After remaining at the scene for about fifteen minutes both operators drove away. Morin went immediately to the police station and made a report of the accident. Soucy did not make his report until the next morning at which time he was arrested and charged with the offenses in question.
The complaint relating to a violation of R.L., c. 118, s. 19, charges that the respondent "while operating a certain motor vehicle upon West Bridge Street . . . knowing that injury had been caused by him to property . . . did not give the operator of the other motor vehicle involved in said accident, his name and address, the number of his driving license, the registration number of the motor vehicle, and the name and address of each occupant thereof. . . . ."
Further facts appear in the opinion.
Gordon M. Tiffany, Attorney General, Maurice M. Blodgett, Deputy Attorney General and Conrad Danais, County Solicitor (Mr. Blodgett orally), for the State.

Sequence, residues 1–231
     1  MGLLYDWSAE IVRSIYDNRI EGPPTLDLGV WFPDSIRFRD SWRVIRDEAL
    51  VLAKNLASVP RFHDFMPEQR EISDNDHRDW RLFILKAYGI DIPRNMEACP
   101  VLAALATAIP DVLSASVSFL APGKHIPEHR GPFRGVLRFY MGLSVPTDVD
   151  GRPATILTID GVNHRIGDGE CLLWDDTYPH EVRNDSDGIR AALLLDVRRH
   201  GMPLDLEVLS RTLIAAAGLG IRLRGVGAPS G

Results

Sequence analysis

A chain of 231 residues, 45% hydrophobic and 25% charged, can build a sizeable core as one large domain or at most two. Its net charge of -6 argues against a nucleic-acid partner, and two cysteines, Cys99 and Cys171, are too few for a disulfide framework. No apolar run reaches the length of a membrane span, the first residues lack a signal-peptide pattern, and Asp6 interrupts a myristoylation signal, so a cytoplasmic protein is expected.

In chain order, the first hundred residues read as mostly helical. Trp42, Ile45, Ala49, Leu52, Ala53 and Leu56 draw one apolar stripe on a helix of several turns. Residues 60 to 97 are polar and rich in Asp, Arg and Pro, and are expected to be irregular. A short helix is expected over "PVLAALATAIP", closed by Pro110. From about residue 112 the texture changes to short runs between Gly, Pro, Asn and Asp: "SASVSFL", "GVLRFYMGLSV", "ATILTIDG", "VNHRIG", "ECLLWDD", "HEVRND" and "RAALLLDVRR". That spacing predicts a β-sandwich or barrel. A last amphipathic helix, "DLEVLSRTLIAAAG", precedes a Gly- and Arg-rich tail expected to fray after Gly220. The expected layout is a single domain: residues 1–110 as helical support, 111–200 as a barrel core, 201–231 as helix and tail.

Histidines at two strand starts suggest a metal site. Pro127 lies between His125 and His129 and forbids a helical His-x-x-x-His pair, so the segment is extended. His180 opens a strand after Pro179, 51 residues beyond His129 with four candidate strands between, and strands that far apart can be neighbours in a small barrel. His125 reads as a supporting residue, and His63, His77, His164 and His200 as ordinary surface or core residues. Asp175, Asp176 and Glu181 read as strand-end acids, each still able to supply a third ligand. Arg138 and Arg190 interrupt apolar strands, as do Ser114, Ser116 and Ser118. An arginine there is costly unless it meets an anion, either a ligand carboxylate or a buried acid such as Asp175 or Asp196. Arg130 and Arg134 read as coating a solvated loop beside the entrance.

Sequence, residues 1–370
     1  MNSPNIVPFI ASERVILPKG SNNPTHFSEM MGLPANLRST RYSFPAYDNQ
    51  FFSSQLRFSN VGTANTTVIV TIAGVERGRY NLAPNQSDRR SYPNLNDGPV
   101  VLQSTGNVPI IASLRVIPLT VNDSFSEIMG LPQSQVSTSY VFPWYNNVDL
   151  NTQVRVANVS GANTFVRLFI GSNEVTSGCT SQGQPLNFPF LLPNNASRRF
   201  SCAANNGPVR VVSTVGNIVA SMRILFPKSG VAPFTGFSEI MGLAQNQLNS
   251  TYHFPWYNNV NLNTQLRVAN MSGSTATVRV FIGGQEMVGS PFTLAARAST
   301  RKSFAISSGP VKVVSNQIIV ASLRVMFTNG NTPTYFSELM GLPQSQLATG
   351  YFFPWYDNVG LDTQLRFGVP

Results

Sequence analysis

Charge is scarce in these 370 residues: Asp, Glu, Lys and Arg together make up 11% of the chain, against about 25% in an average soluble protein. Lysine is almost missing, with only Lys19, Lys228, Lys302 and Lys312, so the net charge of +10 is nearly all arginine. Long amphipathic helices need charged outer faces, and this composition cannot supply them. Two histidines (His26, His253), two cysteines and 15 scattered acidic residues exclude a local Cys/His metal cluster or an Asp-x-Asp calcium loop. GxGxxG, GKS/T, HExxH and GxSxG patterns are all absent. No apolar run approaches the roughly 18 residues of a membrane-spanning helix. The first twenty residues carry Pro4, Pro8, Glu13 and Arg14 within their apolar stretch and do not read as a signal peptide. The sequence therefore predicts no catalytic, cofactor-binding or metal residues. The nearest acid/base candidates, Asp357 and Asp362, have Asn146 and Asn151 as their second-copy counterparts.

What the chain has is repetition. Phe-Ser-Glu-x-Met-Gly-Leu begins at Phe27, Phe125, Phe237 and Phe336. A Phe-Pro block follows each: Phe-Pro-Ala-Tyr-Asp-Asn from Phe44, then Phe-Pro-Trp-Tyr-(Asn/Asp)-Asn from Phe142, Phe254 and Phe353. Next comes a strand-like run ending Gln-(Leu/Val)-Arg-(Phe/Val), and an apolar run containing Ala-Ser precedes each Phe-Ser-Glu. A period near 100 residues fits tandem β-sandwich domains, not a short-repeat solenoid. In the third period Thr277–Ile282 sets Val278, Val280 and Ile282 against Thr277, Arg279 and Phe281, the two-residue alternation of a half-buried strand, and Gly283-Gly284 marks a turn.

John W. King (by brief and orally), for the respondent.
Revised Laws, chapter 118, section 12, does not define what constitutes operating a vehicle recklessly. Something more than mere negligence is required however. To constitute the offense a vehicle must be operated under such circumstances, and in such a manner, as to show a willful or reckless disregard of consequences. State v. Yosua, 91 N.H. 181, 182; People v. Allison, 226 P.2d 85, 86; 5 Am. Jur. 932. But an active intent is not required. State v. Yosua, supra.
Morin testified that after the accident he got out of his car and saw the respondent get out of his car and that when Soucy walked toward him he staggered, his coat was unbuttoned, he smelled of liquor and his face was flushed. There was also evidence that Soucy had had seven drinks of whiskey in a club from which he left shortly before the accident. There was further testimony that after the cars had been separated Soucy told Morin: "Let's go to the station." Morin did but Soucy did not report there until the next morning after the police had called his home informing his wife to whom the car was registered that it had been involved in an accident and a report should be made. When he did report Soucy did not know whom he had been in collision with when asked by the police.